random idea. micro turboprop engine. - RC Groups
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Mar 12, 2012, 01:05 AM
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nemoskull's Avatar

random idea. micro turboprop engine.

been tossing an idea around in my head for a while. a jet engine with a prop on it, a turbo prop engine. but very small. like a 4 oz plane small. cox .020 scale.
been thinking of a simple paddle wheel turbine with a shaft attached to a simple paddle wheel compressor. a chamber linking the two. output shaft turning brass gears on a 50:1 ratio or so. attach that to a prop.
carb on the intake, run 1/2a fuel for the oil. Ball bearing or perhaps use castor oil like modern turbochargers on cars.
basically a engine that can be made on a lathe, drill press and minimal routing.
i can figure out how to start the thing, tho (in my head).

fuel delivery is a problem as well. the main question is can you make a combustion jet from non pressureize fuel. like use a velocity vs pressure effect and a shaped nozzle to create a jet. i dont know, yet.
well, what u think?
i'll dootle some idea later.
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Mar 12, 2012, 03:11 AM
You made that out of trees?
Boomerang1's Avatar
Before tossing the idea too far take a look at what very knowledgeable people have made to run or even better developed to the point where they can offer them for sale.


Is the smallest succesful turbine.


Is the smallest succesful turboprop.

The Lambert turbine runs at over 240,000 rpm, these are not things you 'make on a lathe & drill press with minimal routing'.

Jet engines have constant pressure in the combustion chamber known as case pressure, that's why they use a fuel pumps to deliver fuel & control speed.

Mar 12, 2012, 09:07 AM
Registered User
I was approached by a university student to help fabricate parts for an axial flow jet engine 20mm in diameter.
I politely declined explaining that I didn't think it would work.
Interesting idea, but not practical IMO.
Last edited by 706jim; Mar 12, 2012 at 06:08 PM.
Mar 12, 2012, 10:09 AM
the great Gassif´er
Never say never, 35 years ago a turbine that could fit in a model airplane was considered impossible until some English guys made one.
Later Kurt Schreckling constructed a turbine that could be made with under 100$worth of materials by anybody who could use a lathe and had some sheet metal working skills.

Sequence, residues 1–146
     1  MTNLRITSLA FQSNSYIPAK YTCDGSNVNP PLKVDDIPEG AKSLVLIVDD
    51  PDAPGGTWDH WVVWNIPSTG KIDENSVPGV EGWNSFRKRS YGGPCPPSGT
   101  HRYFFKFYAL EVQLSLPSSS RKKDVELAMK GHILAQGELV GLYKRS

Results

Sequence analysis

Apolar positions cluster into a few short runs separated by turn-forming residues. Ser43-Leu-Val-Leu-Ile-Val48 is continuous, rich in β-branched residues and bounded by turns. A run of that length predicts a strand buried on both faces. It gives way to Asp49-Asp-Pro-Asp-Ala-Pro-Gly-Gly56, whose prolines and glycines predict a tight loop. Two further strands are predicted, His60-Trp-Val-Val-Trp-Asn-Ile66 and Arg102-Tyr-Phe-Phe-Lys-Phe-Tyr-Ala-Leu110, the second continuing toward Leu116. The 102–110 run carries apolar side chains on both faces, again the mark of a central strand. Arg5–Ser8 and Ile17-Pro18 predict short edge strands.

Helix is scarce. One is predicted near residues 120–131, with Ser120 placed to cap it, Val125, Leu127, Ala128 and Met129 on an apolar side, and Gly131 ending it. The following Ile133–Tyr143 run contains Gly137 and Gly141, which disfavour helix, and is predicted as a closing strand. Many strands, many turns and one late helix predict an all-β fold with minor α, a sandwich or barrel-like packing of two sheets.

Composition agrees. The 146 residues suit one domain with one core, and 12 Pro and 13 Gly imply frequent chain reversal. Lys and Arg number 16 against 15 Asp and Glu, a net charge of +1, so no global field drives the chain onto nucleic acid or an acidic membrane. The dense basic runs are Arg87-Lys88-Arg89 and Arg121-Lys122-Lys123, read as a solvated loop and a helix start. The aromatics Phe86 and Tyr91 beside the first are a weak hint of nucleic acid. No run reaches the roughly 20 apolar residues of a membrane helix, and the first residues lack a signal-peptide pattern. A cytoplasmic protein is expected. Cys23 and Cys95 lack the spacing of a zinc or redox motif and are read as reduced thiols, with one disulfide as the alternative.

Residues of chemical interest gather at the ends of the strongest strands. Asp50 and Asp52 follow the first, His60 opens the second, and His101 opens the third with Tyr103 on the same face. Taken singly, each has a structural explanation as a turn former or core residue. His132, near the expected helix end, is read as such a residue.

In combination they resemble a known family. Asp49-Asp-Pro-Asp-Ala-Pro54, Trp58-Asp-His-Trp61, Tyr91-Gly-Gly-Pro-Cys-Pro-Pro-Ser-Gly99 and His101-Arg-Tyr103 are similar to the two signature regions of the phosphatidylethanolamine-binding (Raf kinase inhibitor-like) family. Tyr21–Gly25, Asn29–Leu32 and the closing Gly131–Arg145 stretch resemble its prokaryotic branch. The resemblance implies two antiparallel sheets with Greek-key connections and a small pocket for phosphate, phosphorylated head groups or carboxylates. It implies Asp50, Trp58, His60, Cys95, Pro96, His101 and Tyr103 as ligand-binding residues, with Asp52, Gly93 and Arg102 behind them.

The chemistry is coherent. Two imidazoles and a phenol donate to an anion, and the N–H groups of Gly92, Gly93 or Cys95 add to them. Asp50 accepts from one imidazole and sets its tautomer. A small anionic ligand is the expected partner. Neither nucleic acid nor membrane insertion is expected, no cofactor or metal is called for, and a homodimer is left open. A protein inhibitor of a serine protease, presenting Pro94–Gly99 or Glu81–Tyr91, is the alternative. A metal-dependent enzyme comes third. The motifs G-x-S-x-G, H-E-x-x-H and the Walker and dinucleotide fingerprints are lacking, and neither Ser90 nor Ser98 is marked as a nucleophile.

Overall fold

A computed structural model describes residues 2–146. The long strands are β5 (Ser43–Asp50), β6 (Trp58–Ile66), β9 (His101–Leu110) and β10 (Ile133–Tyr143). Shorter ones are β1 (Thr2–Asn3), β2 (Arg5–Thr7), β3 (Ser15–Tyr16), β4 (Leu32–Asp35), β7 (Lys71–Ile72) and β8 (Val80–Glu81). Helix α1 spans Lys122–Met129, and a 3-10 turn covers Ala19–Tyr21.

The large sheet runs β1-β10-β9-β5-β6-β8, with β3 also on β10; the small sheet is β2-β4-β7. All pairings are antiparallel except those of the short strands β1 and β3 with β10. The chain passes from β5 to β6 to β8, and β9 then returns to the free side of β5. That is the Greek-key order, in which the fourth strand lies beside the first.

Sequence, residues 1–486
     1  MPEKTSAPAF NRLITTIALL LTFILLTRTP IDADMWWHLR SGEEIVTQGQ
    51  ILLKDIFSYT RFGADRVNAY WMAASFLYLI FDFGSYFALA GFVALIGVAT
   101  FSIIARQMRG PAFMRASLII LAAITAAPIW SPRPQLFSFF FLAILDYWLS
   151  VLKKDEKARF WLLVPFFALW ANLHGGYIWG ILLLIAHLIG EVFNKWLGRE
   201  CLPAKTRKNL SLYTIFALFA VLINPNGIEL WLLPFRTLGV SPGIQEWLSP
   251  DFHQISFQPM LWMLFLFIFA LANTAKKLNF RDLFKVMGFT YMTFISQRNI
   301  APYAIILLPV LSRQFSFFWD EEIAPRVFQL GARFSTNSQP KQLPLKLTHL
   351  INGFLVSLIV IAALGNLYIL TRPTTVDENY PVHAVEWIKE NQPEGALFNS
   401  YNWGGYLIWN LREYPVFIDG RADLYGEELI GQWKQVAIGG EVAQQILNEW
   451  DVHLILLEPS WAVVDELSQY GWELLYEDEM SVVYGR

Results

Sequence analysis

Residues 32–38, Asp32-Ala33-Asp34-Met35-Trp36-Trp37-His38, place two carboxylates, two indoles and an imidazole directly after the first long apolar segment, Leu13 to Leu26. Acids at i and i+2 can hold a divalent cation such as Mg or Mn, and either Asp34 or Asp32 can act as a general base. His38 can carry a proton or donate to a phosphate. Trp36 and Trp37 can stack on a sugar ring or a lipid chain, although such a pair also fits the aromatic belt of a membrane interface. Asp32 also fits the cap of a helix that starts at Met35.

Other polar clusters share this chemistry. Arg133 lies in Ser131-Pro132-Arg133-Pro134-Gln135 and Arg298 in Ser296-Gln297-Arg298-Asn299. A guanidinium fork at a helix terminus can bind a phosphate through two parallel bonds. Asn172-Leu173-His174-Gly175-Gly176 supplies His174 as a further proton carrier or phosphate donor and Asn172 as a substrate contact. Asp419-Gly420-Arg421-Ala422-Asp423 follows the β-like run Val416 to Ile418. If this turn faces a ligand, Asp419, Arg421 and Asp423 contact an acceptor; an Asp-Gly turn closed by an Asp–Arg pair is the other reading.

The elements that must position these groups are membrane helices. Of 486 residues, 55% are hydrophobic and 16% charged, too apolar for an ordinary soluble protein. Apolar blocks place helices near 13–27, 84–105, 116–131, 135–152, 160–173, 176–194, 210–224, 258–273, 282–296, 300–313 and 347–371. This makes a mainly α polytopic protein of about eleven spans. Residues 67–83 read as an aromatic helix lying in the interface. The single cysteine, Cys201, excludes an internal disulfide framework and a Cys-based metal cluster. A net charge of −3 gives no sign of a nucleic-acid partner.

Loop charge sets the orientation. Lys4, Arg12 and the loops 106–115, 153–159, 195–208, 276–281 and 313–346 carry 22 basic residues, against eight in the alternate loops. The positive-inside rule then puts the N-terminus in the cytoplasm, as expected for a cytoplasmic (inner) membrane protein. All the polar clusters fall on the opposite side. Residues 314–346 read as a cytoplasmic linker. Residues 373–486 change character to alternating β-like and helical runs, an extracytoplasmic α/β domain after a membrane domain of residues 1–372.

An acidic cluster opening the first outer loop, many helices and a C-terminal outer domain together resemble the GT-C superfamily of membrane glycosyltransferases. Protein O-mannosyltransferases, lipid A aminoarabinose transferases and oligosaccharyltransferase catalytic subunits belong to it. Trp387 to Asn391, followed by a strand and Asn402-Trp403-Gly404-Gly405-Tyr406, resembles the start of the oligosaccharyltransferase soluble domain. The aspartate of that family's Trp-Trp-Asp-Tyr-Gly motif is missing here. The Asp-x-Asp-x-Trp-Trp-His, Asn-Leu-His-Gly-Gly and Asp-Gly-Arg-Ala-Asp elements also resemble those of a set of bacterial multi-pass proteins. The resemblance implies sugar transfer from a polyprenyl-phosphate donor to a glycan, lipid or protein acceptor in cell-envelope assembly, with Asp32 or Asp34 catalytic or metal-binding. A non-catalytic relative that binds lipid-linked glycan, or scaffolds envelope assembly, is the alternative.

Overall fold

So far, turbines are not yet REALLY small, and for now we do not have the materials to handle RPM and temperatures, and efficiency cannot yet be boosted to a level where such a small turbine would actually be self-sustaining.

Carbs will never work on a turbine, due the incredible temperature rise in the compressor stage (you have to compress an explosive fuel/air mixture in a way that generates probably sufficient heat to make the mixture ignite while still in the compresion stage) so the real problem, even if you could really build a super small turbine, would be the fuel supply and turbine monitoring and control system.

Most likely nothing that cannot be solved in the (maybe near??) future, but for now such solutions would most probably terribly expensive.
And for what? An engine that has by nature of things a horrible fuel efficiciency (needs a tremendous amount of fuel for a very small amount of useable output)....

Brgds, Bert
Mar 12, 2012, 11:24 AM
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gkamysz's Avatar
The problem is compressor and turbine efficiency. All of the ideas suggest that there is no knowledge of turbine design behind the concept.

Could a 50 shaft watt turbine be built today and run? Yes, I think so. With paddle wheels and a drill press, no.

Right, Jim. Axial flow presents it's own set of problems. Axial flow is impractical in model sizes, let alone 20mm.

Mar 12, 2012, 02:07 PM
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coriolan's Avatar

Small Japanese turbine

Bigger than 20mm but not by much!
I think there is video of it running somewhere on Youtube
Mar 12, 2012, 02:33 PM
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gkamysz's Avatar
20mm axial flow is not the same as 31mm radial flow. Turbines based on the Borg Warner KP-31 compressor wheel are common (Lambert Kolibri). It was the smallest available turbocharger compressor available a few years back. I'm not sure if it still is.

Mar 12, 2012, 07:49 PM
Gas Only
Fokker DII's Avatar
Only $4,995 for a Wren Turboprop from a dealer right here in Cal. And it only burns 6Oz of fuel per minute. I don't want one that bad ....
Mar 15, 2012, 09:18 PM
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nemoskull's Avatar
Well for now it's a moot point. But fuel delivery is the thing I can't wrap my head around. I could edit the thing with a very small computer but an injector that small is not here yet. And the idea is not to be the best but just usabe
Mar 15, 2012, 10:57 PM
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gkamysz's Avatar
Yes of course, the turbines in production today are far better than the first one made by Kurt Schreckling. A fundamental understanding of how a turbine works is needed, however. There is no "injector" in model turbines!


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